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November 22, 2010

Benjamin B. Ferencz on losing “the spirit of Nuremberg”

Filed under: Germany, World War II — Tags: , — furtherglory @ 9:17 am

Yesterday a Memorium commemorating the Nuremberg “Trials” opened in the courthouse where the “trials” were held 65 years ago.  (Trials is in quotes because these so-called trials were actually military tribunals.)

Deutsche Welle, a German newspaper reported on it and you can read their news article here.

Deutsche Welle reported this:

Benjamin Ferencz, a former US prosecutor in the war crimes trials, and one of the few people participants still alive to have taken part in the trials, returned to Nuremberg at the age of 91 to speak at the opening of the museum on the anniversary of the world’s first war crimes trial.

[…]

Ferencz bore witness to this at the end of the war, and on Sunday used his speech as an opportunity to criticize those countries who, he says, are not giving their full support to the ICC, those whom he believes, have lost the spirit of Nuremberg.

The Ohrdruf labor camp near Gotha, Germany

General Dwight D. Eisenhower is shown in the center of the photo above. The man to the left of General Eisenhower is Benjamin B. Ferencz, who is taking notes. The photo shows the partially burned bodies of prisoners at Ohrdruf.   What is Ferencz writing down?  “Prisoners burned alive at an extermination camp”?  Or is he making a note that these bodies are being burned, instead of buried, to stop the spread of a typhus epidemic?

Ferencz is the soldier on the right with a note pad in his hand

The civilian in the dark suit is a former prisoner in the Ohrdruf camp.  The next day he was killed by a Russian prisoner because he was allegedly a Kapo who was helping the Germans.  The men in the photo are looking at a mass grave that has been opened.  The bodies of prisoners who died at Ohrdruf were buried before they started burning them instead.  Did the Germans get any credit for trying to stop the typhus epidemic?  No, that was not the “spirit of Nuremberg.”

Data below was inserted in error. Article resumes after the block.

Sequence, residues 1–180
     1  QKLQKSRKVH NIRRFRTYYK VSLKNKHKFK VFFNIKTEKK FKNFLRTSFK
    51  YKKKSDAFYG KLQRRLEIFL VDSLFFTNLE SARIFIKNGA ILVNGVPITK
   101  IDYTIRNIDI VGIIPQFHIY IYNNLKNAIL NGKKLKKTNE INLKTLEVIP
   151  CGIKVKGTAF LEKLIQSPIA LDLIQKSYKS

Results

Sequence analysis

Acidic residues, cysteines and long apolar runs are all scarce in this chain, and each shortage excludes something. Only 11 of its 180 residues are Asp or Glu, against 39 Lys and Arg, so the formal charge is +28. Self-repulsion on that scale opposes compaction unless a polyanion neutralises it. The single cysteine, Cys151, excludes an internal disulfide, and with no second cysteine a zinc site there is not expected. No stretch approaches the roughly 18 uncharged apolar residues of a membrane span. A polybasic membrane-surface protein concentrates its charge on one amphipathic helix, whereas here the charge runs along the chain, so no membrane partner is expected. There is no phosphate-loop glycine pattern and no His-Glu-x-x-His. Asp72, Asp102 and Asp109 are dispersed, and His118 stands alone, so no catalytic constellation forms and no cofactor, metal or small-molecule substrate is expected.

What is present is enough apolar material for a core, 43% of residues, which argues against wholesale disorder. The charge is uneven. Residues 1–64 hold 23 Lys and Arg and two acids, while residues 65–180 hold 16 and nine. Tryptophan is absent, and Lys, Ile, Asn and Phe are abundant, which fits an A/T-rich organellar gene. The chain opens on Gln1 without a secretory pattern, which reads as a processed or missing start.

The “spirit of Nuremberg” was to make up ex post facto laws and then present false evidence and make every innocent detail of World War II into a war crime perpetrated by the Germans.  The job assignment of Ferencz was to accompany the American liberators and take notes on the “atrocities” that the Germans would be charged with at Nuremberg.

Here is another quote from Deutsche Welle:

Speaking at the inauguration of the new museum, Ferencz said, “When I left Germany for the first time after World War II and left Nuremberg, my biggest regret was that I never heard from any German saying ‘I’m sorry.’ I would never have believed that I would come back 60 years later and would hear a completely different voice and a different plan in the same country.”

Yes, the Germans have a “different plan” (which was forced on them by the Allied occupation) but they have “taken the high road” and they have “owned” their “guilt.”  They don’t dwell on the fake gas chamber that was shown in a film at the Nuremberg IMT; they accept it.  I read somewhere (I can’t remember the source) that Hermann Goering laughed after seeing the film and said: “We made a few propaganda films ourselves.”